A coach with an impressive resume of NFL experience is joining the UH football program.
Houston Cougars head coach Kevin Sumlin announced Monday that Brian Stewart will take over as defensive coordinator. Stewart replaces Jeff Skladany, who became linebackers coach at Central Florida after UH decided not to retain him.
The selection of Stewart, who spent last season with the Philadelphia Eagles, was a bit of a surprise to those who are unaware of Sumlin’s tight-lip policy on hirings. Although candidates such as Pittsburgh Steelers defensive assistant Ray Horton and former Marshall head coach Mark Snyder were rumored as favorites, Stewart’s experience in the professional ranks could lead to an innovative defensive philosophy for the Cougars.
“We are excited about Brian joining the University of Houston as our new defensive coordinator,” Sumlin said. “His prior experience as defensive coordinator in the NFL and as a position coach at the collegiate level is exactly what we were looking for to elevate our defense to the next level.
“Brian brings a combination of experience and energy to our staff, which is what separated him from all the other candidates.”
Prior to joining the Eagles, Stewart served as the Dallas Cowboy’s defensive coordinator for two seasons. Under his watch, the Cowboys’ defense collected consecutive top-10 rankings in overall yards allowed and top-three rankings in sacks.
A league-high five defenders (DeMarcus Ware, Roy Williams, Greg Ellis, Ken Hamlin and Terence Newman) made the Pro Bowl during Stewart’s first year in Dallas (2007).
Stewart was the secondary coach for the San Diego Chargers from 2004-2006. In his final season on the West Coast, the Chargers collected a league-high 61 sacks.
Stewart is not new to Houston. The Houston Texans gave him his first NFL coaching job, as he served as an assistant defensive backs coach from 2002-2003.
As far as college experience goes, Stewart has plenty as a coach and player.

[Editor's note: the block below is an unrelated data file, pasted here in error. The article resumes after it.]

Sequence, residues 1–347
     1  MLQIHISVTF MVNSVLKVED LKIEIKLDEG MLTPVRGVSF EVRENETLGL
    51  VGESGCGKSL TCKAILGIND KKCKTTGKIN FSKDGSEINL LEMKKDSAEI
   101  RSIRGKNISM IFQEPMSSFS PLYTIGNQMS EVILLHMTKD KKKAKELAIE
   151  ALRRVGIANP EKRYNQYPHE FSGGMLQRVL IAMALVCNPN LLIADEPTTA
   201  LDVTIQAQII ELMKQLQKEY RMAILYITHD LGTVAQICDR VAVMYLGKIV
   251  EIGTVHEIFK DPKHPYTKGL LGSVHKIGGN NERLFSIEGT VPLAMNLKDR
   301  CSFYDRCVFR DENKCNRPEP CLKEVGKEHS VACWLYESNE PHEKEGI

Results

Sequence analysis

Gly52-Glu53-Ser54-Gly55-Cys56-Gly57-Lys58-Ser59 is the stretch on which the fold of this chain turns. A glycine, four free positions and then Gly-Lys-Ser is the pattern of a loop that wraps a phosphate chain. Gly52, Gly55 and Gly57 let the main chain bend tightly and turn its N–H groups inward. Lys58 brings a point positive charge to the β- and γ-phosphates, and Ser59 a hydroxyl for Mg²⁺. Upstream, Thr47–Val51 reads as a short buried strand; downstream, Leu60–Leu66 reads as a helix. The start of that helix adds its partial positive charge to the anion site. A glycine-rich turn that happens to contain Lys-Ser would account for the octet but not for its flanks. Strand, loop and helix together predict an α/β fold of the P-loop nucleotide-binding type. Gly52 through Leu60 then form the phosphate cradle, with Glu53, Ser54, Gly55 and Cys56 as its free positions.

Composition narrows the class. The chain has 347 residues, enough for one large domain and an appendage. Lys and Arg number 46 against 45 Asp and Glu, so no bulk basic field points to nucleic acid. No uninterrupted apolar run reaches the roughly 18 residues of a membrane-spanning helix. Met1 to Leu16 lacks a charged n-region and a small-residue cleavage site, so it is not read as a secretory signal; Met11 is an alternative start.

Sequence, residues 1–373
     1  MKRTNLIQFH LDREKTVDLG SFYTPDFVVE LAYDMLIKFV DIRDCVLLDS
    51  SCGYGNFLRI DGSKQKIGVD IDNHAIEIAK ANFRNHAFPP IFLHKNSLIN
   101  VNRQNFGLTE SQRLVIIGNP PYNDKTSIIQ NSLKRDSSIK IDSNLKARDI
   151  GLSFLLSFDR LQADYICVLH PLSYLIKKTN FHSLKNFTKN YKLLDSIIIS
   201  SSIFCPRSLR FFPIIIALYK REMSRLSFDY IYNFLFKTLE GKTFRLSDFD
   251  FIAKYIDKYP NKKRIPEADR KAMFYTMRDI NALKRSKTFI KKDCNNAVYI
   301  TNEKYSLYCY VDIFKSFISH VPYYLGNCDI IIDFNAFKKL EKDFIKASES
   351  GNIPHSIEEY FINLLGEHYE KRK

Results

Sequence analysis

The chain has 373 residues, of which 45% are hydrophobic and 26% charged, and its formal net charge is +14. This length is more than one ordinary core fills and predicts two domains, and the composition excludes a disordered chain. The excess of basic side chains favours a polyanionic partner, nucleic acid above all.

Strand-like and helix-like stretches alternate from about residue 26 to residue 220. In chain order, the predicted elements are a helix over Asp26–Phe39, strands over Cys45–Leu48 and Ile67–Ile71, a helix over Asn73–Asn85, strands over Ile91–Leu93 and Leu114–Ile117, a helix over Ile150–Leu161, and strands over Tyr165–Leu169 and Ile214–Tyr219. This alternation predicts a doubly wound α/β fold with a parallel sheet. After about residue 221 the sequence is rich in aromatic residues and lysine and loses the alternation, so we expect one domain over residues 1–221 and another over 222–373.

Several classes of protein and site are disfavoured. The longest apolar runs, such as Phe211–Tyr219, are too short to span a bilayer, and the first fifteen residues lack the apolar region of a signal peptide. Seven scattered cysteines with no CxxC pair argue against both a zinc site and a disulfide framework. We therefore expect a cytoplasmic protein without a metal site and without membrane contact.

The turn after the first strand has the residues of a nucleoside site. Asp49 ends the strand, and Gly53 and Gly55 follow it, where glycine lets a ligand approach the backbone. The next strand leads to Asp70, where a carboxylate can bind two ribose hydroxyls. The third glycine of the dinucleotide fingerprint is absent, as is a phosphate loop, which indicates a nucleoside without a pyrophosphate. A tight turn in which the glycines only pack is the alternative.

He has been an assistant coach at Cal Poly (1993-94), Northern Arizona (1995), Missouri (1996, 1999-2000), San Jose State (1997-98) and Syracuse (2001).
Before trading his cleats for a whistle, Stewart played as a cornerback and free safety at Santa Monica City College and Northern Arizona, where he earned a bachelor’s degree in criminal justice.
Volleyball names Ole Miss assistant head coach
Molly Alvey will tackle the job of following one of the UH volleyball program’s most winning coaches.
Athletic Director Mack Rhoades announced Monday that the University hired Alvey to the position of head volleyball coach.
Alvey, who becomes the fourth coach in program history, served as Ole Miss’ associate coach the last two seasons. She spent another three years as an assistant coach for the Rebels.
“Houston is a place that obviously has been very, very successful in the past and has the potential to be there again, from a recruiting standpoint, from the name that Houston volleyball has throughout the country and where Mack is ready to lead the athletics program,” Alvey said.
Under former head coach Bill Walton, who resigned in August, the Cougars went to the NCAA Tournament 11 times — including the 1994 Elite Eight. Walton also coached 14 20-win teams en route to recording a 458-319 record at UH.
Alvey, who helped Ole Miss reach the NCAA Tournament in 2006 and 2007, did a great deal of her recruiting for the Rebels in the state of Texas. This experience makes her feel confident in her ability to bring talent to Houston.
"With my recruiting experience at Ole Miss, half of our roster is from Texas and that's where I spend a lot of my time," Alvey said. "Being able to build a program in Texas, I have the roots and the recruiting contacts that I need. I definitely think it's a program and a University that I can bring good kids to.
"In addition, the talent that we currently have at Houston will give me the jump-start that I need to get the program where I would like."